johnnymanson

Ham Radio Licenses at an all time high.

7 posts in this topic

That is an interesting article. It was only this Spring that AARL was lamenting the fact that the internet was the cause of people losing interest in ham radio. It would be interesting to see the number they quote as a percentage of the eligible population.

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You'll notice in the comments of that article, someone mentions the fact that it's much easier to meet people all over the world via the internet. In one sense that is true. However, that is directed communication. Though there are some websites that have random connections set up between users (e.g. chat roulette), most communication is mediated. Radio is more instantaneous and random. You don't know who is going to hear you and who you will hear.

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You'll notice in the comments of that article, someone mentions the fact that it's much easier to meet people all over the world via the internet. In one sense that is true. However, that is directed communication. Though there are some websites that have random connections set up between users (e.g. chat roulette), most communication is mediated. Radio is more instantaneous and random. You don't know who is going to hear you and who you will hear.

damn this thread is making me feel lazy... i have wanted to get into HAM stuff for at least the last 2 years... had a study book.. the CW requirement for anything other than a basic license turned me off at first, but AFAIK it has been removed...

I do not have any way to mount an antenna (live in an apartment)... would I have any chance at DX with a portable? In NYC? seems that there would be too much RF noise to be able to DX from within NYC with a portable.

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The down side to getting your license is you will be on yet another government list. In the US the FAA requires your SSN which is bollocks. Call me paranoid ... ;-)

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I do not have any way to mount an antenna (live in an apartment)... would I have any chance at DX with a portable? In NYC? seems that there would be too much RF noise to be able to DX from within NYC with a portable.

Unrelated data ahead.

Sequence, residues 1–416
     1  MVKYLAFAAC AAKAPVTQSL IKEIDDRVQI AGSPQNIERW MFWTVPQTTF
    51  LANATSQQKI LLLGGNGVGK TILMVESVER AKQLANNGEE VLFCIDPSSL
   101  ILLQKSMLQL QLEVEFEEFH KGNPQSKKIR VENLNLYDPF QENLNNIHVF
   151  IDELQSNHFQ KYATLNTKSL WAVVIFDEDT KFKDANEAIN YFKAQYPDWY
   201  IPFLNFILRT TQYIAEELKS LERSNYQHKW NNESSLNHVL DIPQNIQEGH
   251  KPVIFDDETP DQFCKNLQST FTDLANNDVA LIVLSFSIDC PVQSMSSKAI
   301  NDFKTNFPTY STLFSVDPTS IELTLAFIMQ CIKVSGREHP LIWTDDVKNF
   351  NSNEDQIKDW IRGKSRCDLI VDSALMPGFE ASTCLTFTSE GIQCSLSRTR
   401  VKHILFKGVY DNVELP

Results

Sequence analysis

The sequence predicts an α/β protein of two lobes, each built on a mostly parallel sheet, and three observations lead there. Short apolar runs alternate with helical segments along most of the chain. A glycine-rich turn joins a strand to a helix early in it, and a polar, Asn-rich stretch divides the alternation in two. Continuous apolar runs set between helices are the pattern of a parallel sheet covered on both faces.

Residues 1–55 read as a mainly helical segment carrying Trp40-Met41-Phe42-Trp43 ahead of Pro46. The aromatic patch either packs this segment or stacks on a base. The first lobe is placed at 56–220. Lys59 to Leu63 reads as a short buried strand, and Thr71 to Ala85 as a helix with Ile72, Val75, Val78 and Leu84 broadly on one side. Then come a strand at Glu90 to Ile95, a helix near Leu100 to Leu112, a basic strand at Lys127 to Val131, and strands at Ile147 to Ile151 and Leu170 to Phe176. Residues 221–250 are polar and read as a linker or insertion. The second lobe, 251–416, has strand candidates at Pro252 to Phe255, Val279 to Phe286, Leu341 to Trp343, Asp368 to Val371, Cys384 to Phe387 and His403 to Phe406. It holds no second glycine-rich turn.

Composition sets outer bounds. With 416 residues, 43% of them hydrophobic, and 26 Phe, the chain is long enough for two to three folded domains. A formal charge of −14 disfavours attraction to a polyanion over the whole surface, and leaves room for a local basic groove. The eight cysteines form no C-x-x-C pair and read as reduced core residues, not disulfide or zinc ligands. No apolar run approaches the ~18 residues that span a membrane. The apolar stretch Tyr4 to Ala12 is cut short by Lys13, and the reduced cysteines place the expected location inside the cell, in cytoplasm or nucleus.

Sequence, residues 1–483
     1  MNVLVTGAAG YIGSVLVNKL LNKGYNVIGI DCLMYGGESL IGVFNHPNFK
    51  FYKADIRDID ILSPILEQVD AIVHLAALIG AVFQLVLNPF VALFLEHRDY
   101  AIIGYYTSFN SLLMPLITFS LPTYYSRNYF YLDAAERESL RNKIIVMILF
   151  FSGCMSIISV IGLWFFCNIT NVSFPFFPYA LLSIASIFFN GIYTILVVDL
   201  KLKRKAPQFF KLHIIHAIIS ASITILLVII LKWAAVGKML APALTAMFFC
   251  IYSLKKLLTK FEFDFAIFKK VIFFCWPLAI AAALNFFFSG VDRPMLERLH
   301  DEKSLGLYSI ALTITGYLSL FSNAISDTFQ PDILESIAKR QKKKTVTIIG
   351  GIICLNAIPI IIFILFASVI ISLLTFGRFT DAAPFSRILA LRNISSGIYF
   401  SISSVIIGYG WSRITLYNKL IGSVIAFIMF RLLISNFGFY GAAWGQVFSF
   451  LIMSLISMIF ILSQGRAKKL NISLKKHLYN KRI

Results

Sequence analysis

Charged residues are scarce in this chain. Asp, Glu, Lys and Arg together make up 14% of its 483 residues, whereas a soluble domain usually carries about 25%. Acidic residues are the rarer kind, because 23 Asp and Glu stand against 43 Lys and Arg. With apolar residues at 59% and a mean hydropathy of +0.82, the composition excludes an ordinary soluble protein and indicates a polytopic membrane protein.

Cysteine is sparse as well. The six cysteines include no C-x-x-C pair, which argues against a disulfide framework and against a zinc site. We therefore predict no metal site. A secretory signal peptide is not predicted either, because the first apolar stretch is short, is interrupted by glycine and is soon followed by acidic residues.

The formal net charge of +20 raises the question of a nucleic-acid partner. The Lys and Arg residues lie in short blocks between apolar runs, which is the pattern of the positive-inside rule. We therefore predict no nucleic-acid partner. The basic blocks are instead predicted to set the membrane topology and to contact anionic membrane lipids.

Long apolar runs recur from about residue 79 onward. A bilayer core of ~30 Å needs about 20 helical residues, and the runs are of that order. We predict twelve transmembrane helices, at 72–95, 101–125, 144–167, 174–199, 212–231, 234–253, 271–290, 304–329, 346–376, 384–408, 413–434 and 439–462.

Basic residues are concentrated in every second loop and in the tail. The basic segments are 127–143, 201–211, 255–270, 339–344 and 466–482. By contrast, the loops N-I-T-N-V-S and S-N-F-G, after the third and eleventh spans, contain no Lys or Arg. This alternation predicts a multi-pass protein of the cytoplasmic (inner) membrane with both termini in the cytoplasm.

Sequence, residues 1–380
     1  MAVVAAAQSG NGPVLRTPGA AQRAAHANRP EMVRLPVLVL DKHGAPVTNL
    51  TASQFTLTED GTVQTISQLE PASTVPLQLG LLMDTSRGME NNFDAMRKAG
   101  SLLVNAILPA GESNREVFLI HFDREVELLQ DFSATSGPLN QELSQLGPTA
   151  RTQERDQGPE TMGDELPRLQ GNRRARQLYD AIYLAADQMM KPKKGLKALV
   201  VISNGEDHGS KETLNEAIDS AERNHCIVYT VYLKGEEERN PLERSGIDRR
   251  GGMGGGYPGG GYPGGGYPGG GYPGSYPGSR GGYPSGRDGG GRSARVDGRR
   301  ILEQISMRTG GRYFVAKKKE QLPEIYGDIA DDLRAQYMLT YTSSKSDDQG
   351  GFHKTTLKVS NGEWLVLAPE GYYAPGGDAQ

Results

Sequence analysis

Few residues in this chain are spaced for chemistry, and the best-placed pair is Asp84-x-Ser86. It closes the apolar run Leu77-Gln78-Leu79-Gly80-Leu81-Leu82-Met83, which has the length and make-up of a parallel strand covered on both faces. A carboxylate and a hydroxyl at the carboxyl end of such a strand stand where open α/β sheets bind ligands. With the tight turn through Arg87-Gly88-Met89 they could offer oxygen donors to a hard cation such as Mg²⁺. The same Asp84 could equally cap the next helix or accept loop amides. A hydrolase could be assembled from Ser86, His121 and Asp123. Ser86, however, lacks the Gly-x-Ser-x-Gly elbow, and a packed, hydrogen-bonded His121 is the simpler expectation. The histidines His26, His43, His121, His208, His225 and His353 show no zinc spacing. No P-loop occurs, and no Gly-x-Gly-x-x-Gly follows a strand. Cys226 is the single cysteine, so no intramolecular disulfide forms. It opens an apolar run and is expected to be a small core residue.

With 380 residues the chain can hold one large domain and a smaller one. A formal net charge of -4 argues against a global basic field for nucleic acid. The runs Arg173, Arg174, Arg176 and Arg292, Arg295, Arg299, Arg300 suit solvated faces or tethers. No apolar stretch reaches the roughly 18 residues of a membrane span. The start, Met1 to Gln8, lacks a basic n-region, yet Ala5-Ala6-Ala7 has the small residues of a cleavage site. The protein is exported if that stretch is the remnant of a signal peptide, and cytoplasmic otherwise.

There is a friend of mine and former NYC2600 member from back in the day who has his ham ticket and lives in an apartment up in Spanish Harlem. He runs HF mobile with a SGC SG-2020, and gets out really well with nothing more than 20 watts and an Outbacker whip. When he's done, he unscrews the antenna from his car and takes the radio out. He also runs the antenna out his apartment window with a counterpoise.

Then you have Diana Eng KC2UHB (from MakeZine), who does portable VHF/UHF satellite ops in Manhattan.

satelliteyagi.jpg?w=600&h=800

That rig is a Yaesu FT-817ND, with a WA5VJB "cheap yagi."

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The sad and inconvenient reality is, the bulk are either preppers who'll never actually use it, or inactive and probably won't ever get back into the hobby. If the "Newington Yankees" were halfway intelligent they'd give yearly statistics instead of one big vague number they just got probably by totaling all the entries in the FCC database, then we can really see how low this "all time high" really is. But they don't, since that would require integrity and honesty. Status is most of the ARRL's reason for being anymore and gets them new adherants (read: money). It's more convenient for their political agenda to state 700000 enrollees and not bother stating that this figure is over an aggregate fifty-year period, which sounds more "impressive" to the weak-minded than, gee, only 150 people bothered to get their tickets in 2015? Of course honesty would challenge the way people think about the ham radio religion, which just simply isn't permissible for one reason or other.

I'd gamble that out of that "more than 700000" in 2011 maybe only about 8% have even keyed down once in the past 4 1/2 years, which is probably a pretty liberal estimate too. Everybody who's anyone anymore is working 151/462/467 MHz on opened up foxtrot-tango-6-0-romeos anyways, or so I've heard *wink*

In the US the FAA requires your SSN which is bollocks.



I assume you mean FCC. Just leave it blank or give them your state code and pad the rest out with zeroes, which was what I did and it worked. Legally nobody is entitled to that information except the IR$, your employer (debatable) and the social security department. If the FCC tries to "challenge" it later on it's your right as an American to tell them to F off since a ham ticket isn't paying tax or filing a W2 or (gasp, shock) social security. As a division of the United States Federal Government Co. Inc. the FCC hardly has enough staff or funding as it is to worry about it so they probably won't even bother.

You are also within your right to use an alias (or nickname) and or a PO box, which many do.

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